# Projection of a Jinc is a Sinc

1. Apr 5, 2015

### Wxfsa

It basically boils down to:
show that:
$$\int_{-\infty}^{\infty} dy \frac{J_1 \left ( \pi\sqrt{x^2+y^2} \right )}{\sqrt{x^2+y^2}} = \frac{2 \sin{\pi x}}{\pi x}$$

My life story (somewhat irrelevant):
A jinc function is besselj(1,pi*r)/( 2r ), a sinc is sin(pi*x) / (pi*x)
I have noticed, while doing numerical work, that if I took the line integral of a jinc (which is a 2D function of r=sqrt(x^2+y^2)), I'll get exactly a sinc

The exact expression was:

please assume that "r" in that expression is just some constant. in fact, 1/10 on the right side should be 1/(2r)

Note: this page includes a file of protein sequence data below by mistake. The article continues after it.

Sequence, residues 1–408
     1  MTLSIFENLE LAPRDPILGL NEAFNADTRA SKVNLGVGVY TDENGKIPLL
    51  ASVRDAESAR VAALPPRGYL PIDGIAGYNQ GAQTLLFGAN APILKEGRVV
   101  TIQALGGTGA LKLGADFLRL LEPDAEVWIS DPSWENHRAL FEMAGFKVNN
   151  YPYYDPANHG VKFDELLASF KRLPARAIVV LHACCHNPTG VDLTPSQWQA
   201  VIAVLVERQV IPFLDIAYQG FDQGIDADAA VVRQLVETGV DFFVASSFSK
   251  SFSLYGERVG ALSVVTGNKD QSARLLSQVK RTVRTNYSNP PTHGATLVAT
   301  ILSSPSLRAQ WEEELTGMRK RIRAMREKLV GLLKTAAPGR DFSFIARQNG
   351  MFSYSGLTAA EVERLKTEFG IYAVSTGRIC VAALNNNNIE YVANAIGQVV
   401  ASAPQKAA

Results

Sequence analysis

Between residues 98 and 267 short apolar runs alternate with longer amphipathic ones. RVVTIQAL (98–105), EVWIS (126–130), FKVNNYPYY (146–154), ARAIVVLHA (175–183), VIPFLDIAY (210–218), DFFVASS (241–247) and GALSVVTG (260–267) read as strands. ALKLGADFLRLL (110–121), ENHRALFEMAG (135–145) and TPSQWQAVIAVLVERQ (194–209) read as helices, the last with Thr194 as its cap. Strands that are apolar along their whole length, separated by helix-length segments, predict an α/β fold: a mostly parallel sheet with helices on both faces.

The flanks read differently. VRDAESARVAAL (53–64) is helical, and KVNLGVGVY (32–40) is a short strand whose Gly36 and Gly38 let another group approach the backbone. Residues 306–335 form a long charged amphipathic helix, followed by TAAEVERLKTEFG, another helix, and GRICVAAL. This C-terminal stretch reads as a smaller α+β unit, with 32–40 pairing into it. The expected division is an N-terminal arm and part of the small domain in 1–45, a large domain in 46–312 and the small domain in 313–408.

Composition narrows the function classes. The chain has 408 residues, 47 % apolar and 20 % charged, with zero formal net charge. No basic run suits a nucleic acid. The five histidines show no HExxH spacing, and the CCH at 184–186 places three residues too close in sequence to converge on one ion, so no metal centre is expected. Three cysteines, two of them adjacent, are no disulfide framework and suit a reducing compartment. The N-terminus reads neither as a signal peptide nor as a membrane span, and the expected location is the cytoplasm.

I don't really care about something exact, I just want to see why a line integral through a J1(r)/r has the form sin(y)/y

I tried writing the bessel function in the integral form and then change the order of integration but i don't see a way. I am hoping someone already knows the answer here.

Code (Text):
p=0.01:0.01:0.5;
result1=zeros(1,length(p));
result2=zeros(1,length(p));
r=3;
f= @(u,v) besselj(1,pi*2*r*sqrt(u.^2+v^2))./(4*r*sqrt(u.^2+v^2));
res = @(v) sinc(2*r*v)/2/r;%1/2/r *besselj(1,pi*2*r*v)./(4*r*v);

for i = 1:length(p)
v=p(i);
result1(i)=2*integral(@(u)f(u,v),0,1000);
result2(i)=res(v);
end
figure
hold on
plot(result1,'b')
plot(result2,'r')
this is the matlab code if anyone is interested, mathematica could not do it.

Last edited: Apr 5, 2015
2. Apr 6, 2015